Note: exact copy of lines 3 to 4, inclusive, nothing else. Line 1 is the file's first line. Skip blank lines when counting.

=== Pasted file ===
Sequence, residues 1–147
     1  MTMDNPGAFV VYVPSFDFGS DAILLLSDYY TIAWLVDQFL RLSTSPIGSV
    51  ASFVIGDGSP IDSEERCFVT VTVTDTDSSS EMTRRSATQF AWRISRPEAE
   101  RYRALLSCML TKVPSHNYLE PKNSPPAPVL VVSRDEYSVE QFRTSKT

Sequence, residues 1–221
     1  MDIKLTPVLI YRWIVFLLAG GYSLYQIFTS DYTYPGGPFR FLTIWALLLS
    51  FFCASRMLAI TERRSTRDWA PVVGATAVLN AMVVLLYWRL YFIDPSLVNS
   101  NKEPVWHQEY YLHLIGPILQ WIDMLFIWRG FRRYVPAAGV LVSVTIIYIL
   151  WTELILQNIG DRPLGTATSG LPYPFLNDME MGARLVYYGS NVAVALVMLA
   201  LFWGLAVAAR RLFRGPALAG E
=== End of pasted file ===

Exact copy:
    51  ASFVIGDGSP IDSEERCFVT VTVTDTDSSS EMTRRSATQF AWRISRPEAE
   101  RYRALLSCML TKVPSHNYLE PKNSPPAPVL VVSRDEYSVE QFRTSKT